College of Justice

The College of Justice includes the Supreme Courts of Scotland, and its associated bodies.

College of Justice
Parliament House, Edinburgh.JPG
The Court of Session, the supreme civil court, is based at Parliament House
Composition methodExecutive selection
Authorized byJudges are appointed by the monarch on the recommendation of the First Minister, who receives recommendations from the Judicial Appointments Board for Scotland[1]
Lord President and Lord Justice General
CurrentlyThe Rt Hon Lord Carloway
Jurist term ends2029
Lord Justice Clerk and President of the Second Division of the Inner House
CurrentlyThe Rt Hon Lady Dorrian
Jurist term ends2032
The High Court of Justiciary, the supreme criminal court, in Edinburgh

The constituent bodies of the national supreme courts are the Court of Session, the High Court of Justiciary, the Office of the Accountant of Court, and the Auditor of the Court of Session.[2][3][4] Its associated bodies are the Faculty of Advocates, the Society of Writers to Her Majesty's Signet and the Society of Solicitors in the Supreme Courts of Scotland.

The College is headed by the Lord President of the Court of Session, who also holds the title of Lord Justice General in relation to the High Court of Justiciary, and judges of the Court of Session and High Court are titled Senators of the College of Justice.


The College was founded in 1532 by King James V following a bull issued by Pope Clement VII on 15 September 1531. It provided for 10,000 gold ducats to be contributed by the Scottish bishoprics and monastic institutions for the maintenance of its members, one half of whom would be members of the "ecclesiastical dignity".[5]

The Parliament of Scotland passed an Act on 17 May 1532 authorising the creation of the college with 14 members, half spiritual, half temporal, plus a president and the Lord Chancellor. The college convened for the first time on 27 May 1532, in the royal presence.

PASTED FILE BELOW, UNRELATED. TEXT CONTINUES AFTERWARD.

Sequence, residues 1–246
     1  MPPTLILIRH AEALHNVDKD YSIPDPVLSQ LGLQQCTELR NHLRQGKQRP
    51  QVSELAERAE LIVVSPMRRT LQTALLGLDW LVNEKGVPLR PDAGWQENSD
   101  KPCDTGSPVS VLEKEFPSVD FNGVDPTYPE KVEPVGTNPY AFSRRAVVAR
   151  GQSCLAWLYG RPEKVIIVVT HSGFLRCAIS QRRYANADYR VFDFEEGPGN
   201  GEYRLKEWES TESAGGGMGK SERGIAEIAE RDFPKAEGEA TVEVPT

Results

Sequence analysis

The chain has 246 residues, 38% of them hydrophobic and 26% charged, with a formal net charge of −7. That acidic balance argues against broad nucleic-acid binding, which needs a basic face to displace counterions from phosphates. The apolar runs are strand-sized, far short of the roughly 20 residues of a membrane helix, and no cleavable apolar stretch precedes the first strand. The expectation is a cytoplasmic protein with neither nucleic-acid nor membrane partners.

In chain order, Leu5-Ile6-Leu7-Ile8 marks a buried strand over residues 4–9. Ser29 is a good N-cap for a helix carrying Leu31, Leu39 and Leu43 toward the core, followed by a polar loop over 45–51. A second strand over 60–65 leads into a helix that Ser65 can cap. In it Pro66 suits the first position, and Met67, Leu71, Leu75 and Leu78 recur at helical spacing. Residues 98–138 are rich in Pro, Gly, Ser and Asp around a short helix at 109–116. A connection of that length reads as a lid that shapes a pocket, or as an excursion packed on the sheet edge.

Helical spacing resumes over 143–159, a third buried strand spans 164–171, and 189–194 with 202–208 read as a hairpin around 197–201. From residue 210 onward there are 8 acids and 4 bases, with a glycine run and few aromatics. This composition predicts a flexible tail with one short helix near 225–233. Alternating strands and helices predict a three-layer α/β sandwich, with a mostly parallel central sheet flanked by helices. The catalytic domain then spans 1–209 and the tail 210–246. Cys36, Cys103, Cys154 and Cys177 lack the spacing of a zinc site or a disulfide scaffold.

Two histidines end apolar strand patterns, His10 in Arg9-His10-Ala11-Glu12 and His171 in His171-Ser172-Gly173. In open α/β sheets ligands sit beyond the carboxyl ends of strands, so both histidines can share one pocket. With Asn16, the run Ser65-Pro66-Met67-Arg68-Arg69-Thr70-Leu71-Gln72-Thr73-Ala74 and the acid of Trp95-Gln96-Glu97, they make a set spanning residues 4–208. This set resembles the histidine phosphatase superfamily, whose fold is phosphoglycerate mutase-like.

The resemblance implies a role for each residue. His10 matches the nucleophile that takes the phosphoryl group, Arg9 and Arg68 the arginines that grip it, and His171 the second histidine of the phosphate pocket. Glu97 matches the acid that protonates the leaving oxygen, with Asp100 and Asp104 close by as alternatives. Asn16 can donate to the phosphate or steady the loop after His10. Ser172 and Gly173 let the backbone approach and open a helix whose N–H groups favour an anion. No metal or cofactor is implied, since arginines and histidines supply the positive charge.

Supplementing the 14 ordinary lords, who were called Senators, were an indefinite number of supernumerary judges called extraordinary lords.

The founding members of the College of Justice were:

The College at its foundation dealt with underdeveloped civil law. It did not dispense justice in criminal matters as that was an area of the law reserved to the King's justice, through the justiciars (hence the High Court of the Justiciary), the Barony Courts and the Commission of Justiciary. The High Court of Justiciary was only incorporated into the College of Justice in 1672.

Initially, there was little legal literature. Acts of the Parliament of Scotland and the books of the Old Law as well as Roman Law and Canon law texts were about all to which the pursuer and defender could refer. It was only after the establishment of the court that this situation improved, with judges noting their decisions in books of practicks.

The Treaty of Union 1707 with England preserved the Scottish Legal System. Article XIX provided "that the Court of Session or College of Justice do after the Union and notwithstanding thereof remain in all time coming within Scotland, and that the Court of Justiciary do also after the Union ... remain in all time coming."

See alsoEdit


  1. ^ "Judicial Appointments - How are judges appointed?". Judiciary of Scotland. Edinburgh: Judicial Office for Scotland. Retrieved 27 May 2012.
  2. ^ PDF-file Archived 2007-07-04 at the Wayback Machine - "The Supreme Courts are made up of: the Court of Session, the High Court of Justiciary and the Accountant of Court's Office" - Scottish Court Service, accessed 12 March 2007
  3. ^ "Expenses and Funding of Litigation Bill | Auditor of Court Provisions" (PDF). Scottish Civil Justice Council. 14 June 2016. Retrieved 6 May 2017.
  4. ^ "Court of Session Act 1821",, The National Archives, 1821 c. 38
  5. ^ The 1531 bull stipulated that of the senators "media pars in dignitate ecclesiastica constituta omnino esse debeat"; a March 1534 bull of Pope Paul III added "pro uno Presidente semper prelate ecclesiastico". Baird Smith, David (1912), "The Reformers and divorce", The Scottish Historical Review, 9: 12–13

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